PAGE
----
Plastic foam (polystyrene) is one of the most widely used plastics around the world. Americans encounter polystyrene products on a daily basis as a low-cost, moldable, synthetic polymer used to create components for automobiles and household appliances like refrigerators and microwaves, as well as DVD cases, plastic utensils, disposable razors, and numerous other consumer products. Polystyrene also can be converted into expanded polystyrene (EPS)commonly known as Styrofoam®which, in addition to being inexpensive, is lightweight and a good insulator. As such, it is often used for food and beverage containers, product packaging, and shipping materials. When EPS is used to create food-service products, it is frequently referred to as food-service foam.
Recently, lawmakers and environmental groups have targeted EPS because of its purported environmental impacts. EPS decomposes slowly. Wind can blow the lightweight material out of trash cans or landfills into surrounding areas. EPS that ends up in the ocean can contribute to plastic pollution and the degradation of marine wildlife habitats.
In an attempt to mitigate EPS pollution, some municipalities have banned the use of EPS by restaurants and grocery stores. As cities implement or consider implementing bans on EPS products, it is crucial to understand the options available for dealing with EPS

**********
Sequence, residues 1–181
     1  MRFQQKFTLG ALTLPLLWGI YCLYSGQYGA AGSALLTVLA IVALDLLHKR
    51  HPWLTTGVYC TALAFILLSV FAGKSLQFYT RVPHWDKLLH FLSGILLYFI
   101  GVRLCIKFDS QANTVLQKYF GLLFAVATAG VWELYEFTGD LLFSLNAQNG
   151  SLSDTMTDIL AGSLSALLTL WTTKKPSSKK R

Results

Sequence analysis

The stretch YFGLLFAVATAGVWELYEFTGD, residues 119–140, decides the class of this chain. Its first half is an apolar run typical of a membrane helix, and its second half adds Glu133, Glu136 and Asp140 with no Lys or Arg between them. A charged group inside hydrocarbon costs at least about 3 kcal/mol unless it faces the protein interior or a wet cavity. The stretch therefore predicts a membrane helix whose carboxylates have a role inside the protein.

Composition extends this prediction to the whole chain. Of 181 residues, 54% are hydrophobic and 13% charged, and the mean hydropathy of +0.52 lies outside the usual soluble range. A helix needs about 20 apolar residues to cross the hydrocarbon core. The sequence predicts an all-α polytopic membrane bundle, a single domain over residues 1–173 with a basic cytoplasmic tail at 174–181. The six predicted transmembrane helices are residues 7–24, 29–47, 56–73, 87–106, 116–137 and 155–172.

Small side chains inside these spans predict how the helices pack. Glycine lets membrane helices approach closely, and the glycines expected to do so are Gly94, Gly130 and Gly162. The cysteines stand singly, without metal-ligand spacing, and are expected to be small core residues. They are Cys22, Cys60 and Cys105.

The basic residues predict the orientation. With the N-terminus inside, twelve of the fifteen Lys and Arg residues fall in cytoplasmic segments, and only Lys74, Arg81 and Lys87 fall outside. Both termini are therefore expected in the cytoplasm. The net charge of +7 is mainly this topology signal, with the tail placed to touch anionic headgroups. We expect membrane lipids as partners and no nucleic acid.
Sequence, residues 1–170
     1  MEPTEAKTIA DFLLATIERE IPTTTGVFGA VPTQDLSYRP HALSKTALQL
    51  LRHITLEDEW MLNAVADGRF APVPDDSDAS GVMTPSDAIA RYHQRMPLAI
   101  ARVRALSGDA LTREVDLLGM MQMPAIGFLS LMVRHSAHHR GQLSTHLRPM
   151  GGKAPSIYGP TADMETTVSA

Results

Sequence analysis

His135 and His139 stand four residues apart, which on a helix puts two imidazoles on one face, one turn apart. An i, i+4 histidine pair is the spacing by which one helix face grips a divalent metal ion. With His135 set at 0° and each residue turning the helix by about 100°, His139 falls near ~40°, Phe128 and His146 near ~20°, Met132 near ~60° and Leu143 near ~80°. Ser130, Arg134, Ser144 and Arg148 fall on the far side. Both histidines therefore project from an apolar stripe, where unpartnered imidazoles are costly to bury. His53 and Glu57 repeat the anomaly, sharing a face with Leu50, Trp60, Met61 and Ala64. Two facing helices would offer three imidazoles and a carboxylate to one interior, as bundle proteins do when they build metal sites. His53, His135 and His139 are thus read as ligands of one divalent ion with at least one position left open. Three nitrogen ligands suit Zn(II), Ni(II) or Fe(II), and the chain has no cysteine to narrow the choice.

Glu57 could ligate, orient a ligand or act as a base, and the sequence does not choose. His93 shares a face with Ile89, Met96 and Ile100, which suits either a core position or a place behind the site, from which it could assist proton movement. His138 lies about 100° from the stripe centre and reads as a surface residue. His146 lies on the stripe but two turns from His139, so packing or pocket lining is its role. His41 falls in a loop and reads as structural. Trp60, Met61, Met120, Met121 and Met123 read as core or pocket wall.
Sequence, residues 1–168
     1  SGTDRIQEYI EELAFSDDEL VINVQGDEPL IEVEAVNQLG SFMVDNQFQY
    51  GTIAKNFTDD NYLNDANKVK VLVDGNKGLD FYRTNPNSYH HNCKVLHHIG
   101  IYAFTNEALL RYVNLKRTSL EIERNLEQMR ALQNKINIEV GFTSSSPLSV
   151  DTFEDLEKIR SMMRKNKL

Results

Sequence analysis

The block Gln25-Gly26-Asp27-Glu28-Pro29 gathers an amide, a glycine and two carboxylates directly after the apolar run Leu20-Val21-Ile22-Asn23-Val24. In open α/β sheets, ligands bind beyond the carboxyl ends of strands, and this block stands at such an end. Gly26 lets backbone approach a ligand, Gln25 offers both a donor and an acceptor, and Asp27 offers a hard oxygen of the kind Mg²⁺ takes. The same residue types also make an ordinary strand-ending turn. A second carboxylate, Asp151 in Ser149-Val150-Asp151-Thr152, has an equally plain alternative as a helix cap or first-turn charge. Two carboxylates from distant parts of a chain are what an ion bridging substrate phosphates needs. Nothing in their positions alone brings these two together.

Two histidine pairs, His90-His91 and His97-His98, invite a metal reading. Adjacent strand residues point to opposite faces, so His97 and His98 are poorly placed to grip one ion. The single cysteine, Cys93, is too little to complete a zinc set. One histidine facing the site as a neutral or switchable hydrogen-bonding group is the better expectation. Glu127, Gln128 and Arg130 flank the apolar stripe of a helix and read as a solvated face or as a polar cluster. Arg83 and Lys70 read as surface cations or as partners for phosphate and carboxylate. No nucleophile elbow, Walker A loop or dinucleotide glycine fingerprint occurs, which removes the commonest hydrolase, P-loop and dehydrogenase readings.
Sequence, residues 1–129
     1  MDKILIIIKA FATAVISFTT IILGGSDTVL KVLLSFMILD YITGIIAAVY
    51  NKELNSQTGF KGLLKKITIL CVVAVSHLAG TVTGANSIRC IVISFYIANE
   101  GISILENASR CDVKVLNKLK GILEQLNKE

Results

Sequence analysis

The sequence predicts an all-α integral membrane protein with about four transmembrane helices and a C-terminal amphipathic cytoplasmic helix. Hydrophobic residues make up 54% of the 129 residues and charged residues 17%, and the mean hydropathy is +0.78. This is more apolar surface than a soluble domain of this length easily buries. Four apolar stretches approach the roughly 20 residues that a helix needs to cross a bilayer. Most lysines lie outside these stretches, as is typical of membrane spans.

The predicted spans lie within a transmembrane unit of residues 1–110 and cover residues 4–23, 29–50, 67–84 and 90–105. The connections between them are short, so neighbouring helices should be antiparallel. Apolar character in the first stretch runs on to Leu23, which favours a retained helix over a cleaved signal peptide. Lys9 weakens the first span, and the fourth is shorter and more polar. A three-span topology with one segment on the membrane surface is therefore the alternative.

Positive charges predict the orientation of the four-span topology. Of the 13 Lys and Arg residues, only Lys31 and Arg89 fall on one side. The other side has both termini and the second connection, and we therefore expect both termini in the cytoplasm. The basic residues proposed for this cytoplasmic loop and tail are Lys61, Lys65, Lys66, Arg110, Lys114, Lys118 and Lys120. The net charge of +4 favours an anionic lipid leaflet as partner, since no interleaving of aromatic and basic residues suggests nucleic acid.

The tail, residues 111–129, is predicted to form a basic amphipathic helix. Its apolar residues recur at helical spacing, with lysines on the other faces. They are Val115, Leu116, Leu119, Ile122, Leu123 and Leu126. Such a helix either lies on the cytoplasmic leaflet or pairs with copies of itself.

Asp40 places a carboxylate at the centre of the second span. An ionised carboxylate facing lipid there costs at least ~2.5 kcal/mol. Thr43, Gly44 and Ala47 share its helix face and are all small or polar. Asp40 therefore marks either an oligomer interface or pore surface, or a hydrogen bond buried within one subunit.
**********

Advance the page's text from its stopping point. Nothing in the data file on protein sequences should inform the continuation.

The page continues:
This paper examines:
- How EPS is recycled
- Current and potential bans of EPS products
- Negative effects of EPS bans, including impacts on environment and on minorities
- Potential solutions to EPS pollution
We conclude that while EPS can have serious environmental impacts, the negative economic and environmental effects associated with banning EPS are so great that municipalities should instead adopt alternatives that resolve such problems costeffectively.
|Katie Colton is a Policy Fellow at the Independent Institute and has been a Graduate Fellow at the Center for Growth and Opportunity at Utah State University.|
|Camile Harmer is a Policy Fellow at the Independent Institute and a Research Fellow at the Center for Growth and Opportunity at Utah State University.|
|Brian Isom is a Policy Fellow at the Independent Institute, Research Manager at the Center for Growth and Opportunity at Utah State University, and co-author of the Independent Briefing, Plastic Pollution: Bans vs. Recycling Solutions.|
|William F. Shughart II is Research Director and Senior Fellow at the Independent Institute, J. Fish Smith Professor in Public Choice in the Jon M. Huntsman School of Business at Utah State University, Editor-in-Chief of Public Choice, editor of the Independent Institute book, Taxing Choice: The Predatory Politics of Fiscal Discrimination, and co-author of the Independent Briefing, Plastic Pollution: Bans vs. Recycling Solutions.|
So-called sin taxesthe taxing of certain products, like alcohol and tobacco, that are deemed to be politically incorrecthave long been a favorite way for politicians to fund programs benefiting special interest groups. But this concept has been applied to such sinful products as soft drinks, margarine, telephone calls, airline tickets, and even fishing gear. What is the true record of this selective, often punitive, approach to taxation?